Two-way threat Shohei Ohtani won’t pitch for Angels until May

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Shohei Ohtani #17 of the Los Angeles Angels of Anaheim runs to first after hitting a solo homerun. AFP

Japanese pitching and batting threat Shohei Ohtani will not take the mound for the Los Angeles Angels until mid-May but will open the Major League Baseball season as a designated hitter.

That’s what Angels general manager Billy Eppler said Tuesday as the American League club’s pitchers and catchers reported to pre-season training camp in Arizona.

Ohtani’s rehabilitation from “Tommy John” tendon replacement surgery was delayed by a decision to undergo left knee surgery last September, pushing back the finish of his right elbow treatments until late December.

Angels team doctors and trainers met with Eppler and Ohtani and decided Ohtani can’t open the season pitching, but under a new MLB rule he could be cleared to make pitching starts in developmental league games one day and then bat for the Angels the next day.

“We are targeting a mid-May return on the mound for Shohei,” Eppler said. “He would be able to begin the year as a DH, pending no other unforeseen things happen between now and then. We are expecting him to start the year as a DH for us.”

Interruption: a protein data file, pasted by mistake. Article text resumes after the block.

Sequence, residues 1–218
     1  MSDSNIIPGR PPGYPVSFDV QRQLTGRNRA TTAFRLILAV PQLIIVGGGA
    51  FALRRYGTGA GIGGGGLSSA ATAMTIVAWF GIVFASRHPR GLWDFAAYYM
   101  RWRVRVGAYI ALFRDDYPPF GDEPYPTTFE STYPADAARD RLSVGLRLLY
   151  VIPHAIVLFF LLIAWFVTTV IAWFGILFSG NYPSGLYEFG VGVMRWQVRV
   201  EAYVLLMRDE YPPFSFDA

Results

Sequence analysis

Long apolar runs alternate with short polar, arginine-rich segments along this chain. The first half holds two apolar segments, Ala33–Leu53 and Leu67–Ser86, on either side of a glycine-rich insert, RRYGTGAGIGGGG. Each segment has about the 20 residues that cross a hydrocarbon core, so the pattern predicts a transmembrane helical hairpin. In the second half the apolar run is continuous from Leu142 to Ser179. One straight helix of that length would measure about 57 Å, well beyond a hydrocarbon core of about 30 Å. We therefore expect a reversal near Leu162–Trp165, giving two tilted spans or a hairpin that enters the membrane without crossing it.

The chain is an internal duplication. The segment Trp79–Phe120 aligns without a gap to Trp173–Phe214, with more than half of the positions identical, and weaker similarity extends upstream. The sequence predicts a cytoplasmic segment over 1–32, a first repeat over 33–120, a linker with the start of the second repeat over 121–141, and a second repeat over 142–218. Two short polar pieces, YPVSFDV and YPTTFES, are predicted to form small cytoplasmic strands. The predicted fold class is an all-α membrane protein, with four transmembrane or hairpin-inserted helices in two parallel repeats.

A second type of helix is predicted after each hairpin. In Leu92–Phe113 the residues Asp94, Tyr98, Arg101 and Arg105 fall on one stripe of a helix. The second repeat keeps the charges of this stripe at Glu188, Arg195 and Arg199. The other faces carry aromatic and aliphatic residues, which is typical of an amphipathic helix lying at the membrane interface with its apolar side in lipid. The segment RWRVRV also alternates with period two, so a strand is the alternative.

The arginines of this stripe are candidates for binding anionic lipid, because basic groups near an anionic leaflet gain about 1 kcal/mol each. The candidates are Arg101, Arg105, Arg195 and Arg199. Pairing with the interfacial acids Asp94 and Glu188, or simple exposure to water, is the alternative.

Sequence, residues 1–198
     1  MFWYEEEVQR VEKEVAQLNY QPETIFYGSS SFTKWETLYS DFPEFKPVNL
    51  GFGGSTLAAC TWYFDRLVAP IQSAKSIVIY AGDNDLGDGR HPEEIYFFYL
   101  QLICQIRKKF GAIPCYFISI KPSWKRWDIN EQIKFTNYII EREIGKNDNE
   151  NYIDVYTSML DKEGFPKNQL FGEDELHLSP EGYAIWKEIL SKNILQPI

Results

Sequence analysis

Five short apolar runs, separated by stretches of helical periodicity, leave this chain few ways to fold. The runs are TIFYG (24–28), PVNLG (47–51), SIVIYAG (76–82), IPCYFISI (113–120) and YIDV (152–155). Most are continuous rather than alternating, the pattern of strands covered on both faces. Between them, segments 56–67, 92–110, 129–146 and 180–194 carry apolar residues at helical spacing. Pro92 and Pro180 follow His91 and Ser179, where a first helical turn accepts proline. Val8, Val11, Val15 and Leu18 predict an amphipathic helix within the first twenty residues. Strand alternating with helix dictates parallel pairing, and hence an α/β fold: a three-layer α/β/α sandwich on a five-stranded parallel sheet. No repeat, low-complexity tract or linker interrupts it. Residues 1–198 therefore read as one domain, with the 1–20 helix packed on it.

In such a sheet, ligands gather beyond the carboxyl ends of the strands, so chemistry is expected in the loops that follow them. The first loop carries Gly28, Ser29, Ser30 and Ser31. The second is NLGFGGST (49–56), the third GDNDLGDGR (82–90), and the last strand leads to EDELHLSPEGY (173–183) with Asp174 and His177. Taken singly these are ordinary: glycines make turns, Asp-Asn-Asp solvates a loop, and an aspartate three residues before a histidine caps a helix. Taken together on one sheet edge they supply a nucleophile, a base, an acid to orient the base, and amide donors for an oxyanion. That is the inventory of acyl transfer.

Ohtani will count as a two-way player on the Angels’ roster as opposed to being counted as one of the club’s pitchers. MLB rosters will expand to 26 players this season but no more than half of the roster can be pitchers.

Ohtani’s two-way status gives the Angels, in effect, an extra pitching option once he gets healthy, a flexibility that new Angels manager Joe Madden loves even as he cautions against too much work in the short term.

“The guy is such as generational talent you have to be mindful and patient as you get him back on track,” Maddon said. “The big thing there is when you’re the steward of somebody that’s going to be that good for a long period of time, you have to be careful.

“I think patience is a key word with all of this. I’ve been in development my whole life, so when you’re trying to develop a major league talent like him here coming off the injury situations he’s had, it’s very important to be patient, and I am.”

Ohtani, 25, played for the Hokkaido Nippon Ham Fighters in the Japan League from 2013 through 2017 then joined the Angels in 2018, when he won the American League Rookie of the Year award.

When Ohtani is cleared to pitch again for the Angels, he’s expected to make one start a week and play as designated hitter three to five times a week.

There is consideration of not having Ohtani bat on days before or after he pitches.